Smoking Cessation: Creating A Quit Smoking Plan
If you are like many smokers and other tobacco users, then you know you should quit but you just are not sure how to do it. Creating a quit-smoking plan may improve your chances of stopping for good. Having a quit-smoking plan helps you cope with the physical and emotional issues that often arise when you stop smoking, such as nicotine withdrawal and strong urges to smoke.
Deciding To Quit Smoking
Sure, you may be able to list plenty of reasons to stop smoking. You may be worried about the health problems related to smoking, the social stigma, the expense or the pressure from loved ones. But, only you can decide when you are ready to stop smoking.
You may spend a lot of time thinking about quitting smoking before you are ready to actually do it. If you are thinking about quitting, go ahead and pick a specific day to quit — your quit day — and then plan for it.
Picking A Quit Day
Pick a specific day within the next month to quit smoking. Do not set your quit day too far in the future or you may find it hard to follow through. But do not do it before you have a quit-smoking plan in place, either.
Having a day in mind can help you prepare for what to expect and to line up helpful support. Pick a random day as your quit day or pick a day that holds special meaning for you, such as a birthday, a holiday or a day of the week that is generally less stressful for you.
What if you decide to quit smoking on the spur of the moment? Follow the quit day advice and go for it.
Preparing For Quit Day
There is no easy way to quit smoking. But, planning for it can help you overcome the hurdles you are likely to face. Here are steps you can take as you prepare for your quit day:
- Mark the day. Make a big notation of your quit day on your calendar. It is an important day in your life, so treat it like one.
- Tell people. Let family, friends and co-workers know about your quit day. Make them your allies. They can provide a lot of moral support. Tell them how they can be most supportive of your effort to quit smoking.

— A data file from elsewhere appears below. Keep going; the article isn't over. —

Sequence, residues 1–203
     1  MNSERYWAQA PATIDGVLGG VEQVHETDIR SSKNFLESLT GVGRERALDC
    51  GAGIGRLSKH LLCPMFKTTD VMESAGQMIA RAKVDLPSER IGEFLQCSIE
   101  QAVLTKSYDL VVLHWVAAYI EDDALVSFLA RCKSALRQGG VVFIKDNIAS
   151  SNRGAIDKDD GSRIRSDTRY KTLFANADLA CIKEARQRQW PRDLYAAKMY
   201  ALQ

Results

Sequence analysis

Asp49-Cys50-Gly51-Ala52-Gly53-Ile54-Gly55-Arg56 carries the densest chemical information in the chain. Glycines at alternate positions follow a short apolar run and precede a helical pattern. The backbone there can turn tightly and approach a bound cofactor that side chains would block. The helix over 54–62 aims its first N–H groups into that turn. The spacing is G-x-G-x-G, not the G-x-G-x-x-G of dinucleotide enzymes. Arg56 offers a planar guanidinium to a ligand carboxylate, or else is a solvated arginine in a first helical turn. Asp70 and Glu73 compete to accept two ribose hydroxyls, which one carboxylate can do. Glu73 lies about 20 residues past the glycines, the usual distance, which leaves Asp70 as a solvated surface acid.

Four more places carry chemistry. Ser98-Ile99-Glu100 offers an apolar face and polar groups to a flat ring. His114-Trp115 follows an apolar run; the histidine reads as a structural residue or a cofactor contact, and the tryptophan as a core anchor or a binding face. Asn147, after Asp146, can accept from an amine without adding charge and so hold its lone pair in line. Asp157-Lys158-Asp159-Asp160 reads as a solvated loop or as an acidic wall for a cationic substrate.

- Clean house. Rid your home, car, office and other places of your smoking and tobacco supplies. Do not keep any cigarettes on hand “just in case” — you might not be able to resist the temptation. Also, consider getting your teeth professionally cleaned as motivation to stay quit.
If you begin to panic, focus on what is in front of you. It takes practice to live in the present, but it is a valuable tool with lasting benefit to live “in the here and now.”
- Stock up. Have on hand items that can substitute for the cigarette you are used to having in your mouth, such as sugarless gum, hard candy, cinnamon sticks and crunchy vegetables.
- Join up. The more support you have, the more likely you are to stop smoking successfully. Find local quit-smoking support groups. Many hospitals and clinics offer classes or groups. You can join online quit-smoking groups or programs. You can even get cell phone apps, text messages or alerts to help you quit.
- Reflect. If you have tried to quit smoking before but took it up again, think about what challenges you faced and why you started again. What worked and what did not? Think about what you can do differently this time. For example, make a list of your triggers and how you will deal with them. Keeping a journal about your quit-smoking plan efforts may help you monitor feelings and situations that ignite your smoking urges.
Handling Quit Day
Getting through your quit day can be emotionally and physically challenging, especially if strong tobacco cravings strike. Try these tips to help manage your quit day: